R sRGB linear−1(R sRGB)
G sRGB linear−1(G sRGB)
B sRGB linear−1(B sRGB)  [Expression 1]
1-2 Conversion from RGB Color Space to XYZ Color Space

Next, the RGB color space data having been converted back to the linear gradation data are converted to data in the XYZ color space. This conversion is executed through a specific 3×3 matrix conversion, which is determined in correspondence to the spectral characteristics of the RGB reference color stimuli. For instance, the sRGB input image having been converted back to linear gradation data may undergo the following standard conversion.

( X Y Z ) = ( 0.4124 0.3576 0.1805 0.2126 0.7152 0.0722 0.0193 0.1192 0.9505 ) ( R sRGB linear G sRGB linear B sRGB linear ) [ Expression 2 ]
1-3 Conversion from XYZ Color Space to Uniform Color•Uniform Noise Color Space (L^a^b^)

Next, the data in the XYZ space are converted to a nonlinear gradation L^a^b^ space representing a perceptive attribute with a pseudo-uniform color distribution. The L^a^b^ space is defined in the description of the embodiment as a space obtained by modifying the uniform color space L*a*b* in the related art in consideration of uniform noise and, for the sake of convenience, is referred to as L^a^b^.

L ^ = 100 · f ( Y Y 0 ) a ^ = 500 { f ( X X 0 ) - f ( Y Y 0 ) } b ^ = 200 { f ( Y Y 0 ) - f ( Z Z 0 ) } [ Expression 3 ]

The gradation characteristics used to achieve uniform color•uniform noise in this process are usually expressed as;

f ( t ) = t + ɛ - ɛ 1 + ɛ - ɛ [ Expression 4 ]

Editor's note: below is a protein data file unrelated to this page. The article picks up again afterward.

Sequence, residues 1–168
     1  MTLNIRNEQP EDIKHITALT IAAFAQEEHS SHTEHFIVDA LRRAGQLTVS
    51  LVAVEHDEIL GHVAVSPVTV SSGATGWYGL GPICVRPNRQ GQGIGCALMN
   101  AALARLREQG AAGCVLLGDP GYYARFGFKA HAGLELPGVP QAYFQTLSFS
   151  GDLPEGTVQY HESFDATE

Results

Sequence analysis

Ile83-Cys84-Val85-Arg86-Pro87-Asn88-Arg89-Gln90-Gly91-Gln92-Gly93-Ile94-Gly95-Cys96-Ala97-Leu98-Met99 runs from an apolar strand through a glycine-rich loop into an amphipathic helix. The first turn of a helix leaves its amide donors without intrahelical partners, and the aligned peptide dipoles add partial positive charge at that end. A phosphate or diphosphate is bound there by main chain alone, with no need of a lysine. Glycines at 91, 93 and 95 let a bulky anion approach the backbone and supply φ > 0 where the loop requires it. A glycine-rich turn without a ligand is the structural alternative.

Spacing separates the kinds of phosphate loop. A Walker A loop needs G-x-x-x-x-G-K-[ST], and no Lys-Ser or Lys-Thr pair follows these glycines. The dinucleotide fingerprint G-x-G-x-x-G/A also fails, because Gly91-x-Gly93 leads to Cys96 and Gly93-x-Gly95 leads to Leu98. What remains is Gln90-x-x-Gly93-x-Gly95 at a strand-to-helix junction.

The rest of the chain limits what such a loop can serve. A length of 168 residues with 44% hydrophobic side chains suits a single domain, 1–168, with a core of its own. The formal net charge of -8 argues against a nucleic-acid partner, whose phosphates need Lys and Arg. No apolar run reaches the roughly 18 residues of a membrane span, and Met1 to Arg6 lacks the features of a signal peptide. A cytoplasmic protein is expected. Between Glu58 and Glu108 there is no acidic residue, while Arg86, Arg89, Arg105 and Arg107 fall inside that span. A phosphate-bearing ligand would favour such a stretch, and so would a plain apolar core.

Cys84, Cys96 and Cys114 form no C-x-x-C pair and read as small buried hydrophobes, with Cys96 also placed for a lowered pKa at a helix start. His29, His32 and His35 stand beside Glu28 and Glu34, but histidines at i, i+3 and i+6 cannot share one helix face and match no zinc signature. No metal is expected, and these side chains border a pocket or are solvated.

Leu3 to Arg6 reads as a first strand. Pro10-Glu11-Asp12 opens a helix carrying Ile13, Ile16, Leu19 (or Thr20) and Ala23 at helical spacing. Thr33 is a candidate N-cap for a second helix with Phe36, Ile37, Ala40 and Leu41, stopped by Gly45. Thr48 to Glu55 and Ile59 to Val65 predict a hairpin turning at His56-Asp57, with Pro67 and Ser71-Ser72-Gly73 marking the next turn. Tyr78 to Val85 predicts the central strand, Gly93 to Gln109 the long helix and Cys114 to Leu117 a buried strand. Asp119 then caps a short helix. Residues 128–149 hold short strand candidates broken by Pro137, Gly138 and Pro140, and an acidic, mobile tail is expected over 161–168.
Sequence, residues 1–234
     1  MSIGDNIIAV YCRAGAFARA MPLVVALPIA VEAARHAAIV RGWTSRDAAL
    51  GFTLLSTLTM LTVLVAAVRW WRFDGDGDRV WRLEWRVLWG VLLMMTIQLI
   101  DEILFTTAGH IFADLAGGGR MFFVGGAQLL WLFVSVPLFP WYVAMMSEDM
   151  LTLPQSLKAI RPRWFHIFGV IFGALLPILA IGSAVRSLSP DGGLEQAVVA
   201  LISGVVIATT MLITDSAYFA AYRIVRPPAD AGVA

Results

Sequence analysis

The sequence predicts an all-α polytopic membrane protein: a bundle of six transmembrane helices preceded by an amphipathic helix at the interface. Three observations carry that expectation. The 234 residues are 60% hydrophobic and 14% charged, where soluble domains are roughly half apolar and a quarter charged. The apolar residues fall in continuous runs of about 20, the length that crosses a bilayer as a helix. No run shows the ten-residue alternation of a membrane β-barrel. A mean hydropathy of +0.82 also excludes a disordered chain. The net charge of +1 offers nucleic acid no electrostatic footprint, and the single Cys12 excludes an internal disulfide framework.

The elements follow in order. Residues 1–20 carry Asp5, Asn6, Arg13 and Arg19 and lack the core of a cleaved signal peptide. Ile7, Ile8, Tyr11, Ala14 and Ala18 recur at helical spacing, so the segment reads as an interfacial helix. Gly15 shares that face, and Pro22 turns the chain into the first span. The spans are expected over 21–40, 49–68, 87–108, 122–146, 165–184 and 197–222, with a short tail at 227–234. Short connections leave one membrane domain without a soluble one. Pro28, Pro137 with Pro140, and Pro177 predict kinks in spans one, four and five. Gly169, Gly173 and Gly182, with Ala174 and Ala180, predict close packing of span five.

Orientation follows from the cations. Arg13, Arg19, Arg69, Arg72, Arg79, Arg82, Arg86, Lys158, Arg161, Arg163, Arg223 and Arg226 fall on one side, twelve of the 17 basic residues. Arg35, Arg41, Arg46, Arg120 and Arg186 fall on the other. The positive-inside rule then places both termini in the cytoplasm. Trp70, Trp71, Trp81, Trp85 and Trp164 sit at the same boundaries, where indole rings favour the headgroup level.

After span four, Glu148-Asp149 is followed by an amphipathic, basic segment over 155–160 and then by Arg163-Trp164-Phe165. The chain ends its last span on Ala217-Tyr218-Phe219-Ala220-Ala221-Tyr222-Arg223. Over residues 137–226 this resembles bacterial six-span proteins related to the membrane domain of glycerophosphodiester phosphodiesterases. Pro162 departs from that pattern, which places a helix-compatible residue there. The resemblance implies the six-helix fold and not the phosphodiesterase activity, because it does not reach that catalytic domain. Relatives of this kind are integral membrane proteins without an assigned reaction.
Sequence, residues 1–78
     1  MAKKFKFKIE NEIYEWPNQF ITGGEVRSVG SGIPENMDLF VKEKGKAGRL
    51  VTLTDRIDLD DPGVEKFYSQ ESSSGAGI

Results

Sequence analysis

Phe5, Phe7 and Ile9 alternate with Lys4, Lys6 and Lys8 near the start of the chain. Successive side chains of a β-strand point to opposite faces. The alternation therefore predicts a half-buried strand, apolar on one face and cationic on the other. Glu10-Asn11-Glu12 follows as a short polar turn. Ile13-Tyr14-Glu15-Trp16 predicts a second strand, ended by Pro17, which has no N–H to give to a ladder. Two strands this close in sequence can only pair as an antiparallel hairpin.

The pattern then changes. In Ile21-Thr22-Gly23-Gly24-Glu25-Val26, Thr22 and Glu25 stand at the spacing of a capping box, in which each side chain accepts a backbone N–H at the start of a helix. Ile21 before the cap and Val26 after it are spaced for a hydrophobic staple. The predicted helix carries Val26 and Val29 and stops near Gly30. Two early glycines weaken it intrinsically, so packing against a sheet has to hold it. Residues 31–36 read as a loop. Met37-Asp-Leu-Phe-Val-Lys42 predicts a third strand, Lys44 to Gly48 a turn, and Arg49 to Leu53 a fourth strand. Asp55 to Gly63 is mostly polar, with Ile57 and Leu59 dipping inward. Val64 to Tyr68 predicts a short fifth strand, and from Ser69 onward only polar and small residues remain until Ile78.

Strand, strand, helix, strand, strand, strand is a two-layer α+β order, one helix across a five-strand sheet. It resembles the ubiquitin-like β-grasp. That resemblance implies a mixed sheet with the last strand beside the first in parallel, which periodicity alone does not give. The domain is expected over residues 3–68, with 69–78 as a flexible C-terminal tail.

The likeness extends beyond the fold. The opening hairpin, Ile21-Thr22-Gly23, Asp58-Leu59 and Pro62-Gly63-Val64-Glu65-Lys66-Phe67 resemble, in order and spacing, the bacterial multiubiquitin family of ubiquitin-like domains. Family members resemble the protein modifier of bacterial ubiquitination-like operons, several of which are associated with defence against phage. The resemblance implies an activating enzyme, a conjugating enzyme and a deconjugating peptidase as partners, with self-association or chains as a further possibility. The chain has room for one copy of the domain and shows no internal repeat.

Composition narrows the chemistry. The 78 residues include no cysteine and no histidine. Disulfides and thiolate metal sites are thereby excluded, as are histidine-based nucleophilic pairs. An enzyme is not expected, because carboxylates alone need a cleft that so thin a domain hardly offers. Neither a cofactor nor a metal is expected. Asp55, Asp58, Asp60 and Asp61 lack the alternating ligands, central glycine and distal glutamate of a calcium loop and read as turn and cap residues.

However, the expression above may be modified as expressed below by applying a positive offset value to the ⅓ power gamma characteristics of the CIE-compliant L*a*b* space, so as to achieve gradation characteristics with uniform noise.

f ( t ) = t + ɛ 3 - ɛ 3 1 + ɛ 3 - ɛ 3 [ Expression 5 ]

X0, Y0 and Z0 in the expressions above each represent a value determined in correspondence to the illuminating light. For instance, X0, Y0 and Z0 may assume values 95.045, 100.00 and 108.892 respectively in a 2° visual field under standard light D65. While ε assumes a value dependant upon the specific sensor in use, a value very close to zero, for instance, will be assumed when a low sensitivity setting is selected and a value approximately equal to 0.05 will be assumed when a high sensitivity setting is selected.

2 Multiresolution Image Representation

Next, the noise removal processing executed in step S3 is explained. FIG. 3 presents a flowchart of the noise removal processing executed based upon multiresolution image representations in the embodiment. Namely, the original images corresponding to the luminance component L^, the chrominance (color difference) components a^ and b^ resulting from the data conversion to the uniform color•uniform noise color space described above are rendered in multiple resolution levels and then they individually undergo noise removal independently of one another. The analysis phase of sequential wavelet transformation, through which subband images are generated by decomposing each original image into lower resolution images, is summarized in the expression below.
V ij({right arrow over (x)})=Wavelet(i,j) {S({right arrow over (x)})}  [Expression 6]

    • i=1, 2, . . . , 5 (resolution)
    • j=LL, LH, HL, HH

It is to be noted that a subband image Vij(x, y) is generated with S(x, y) in correspondence to each of the L^a^b^ planes.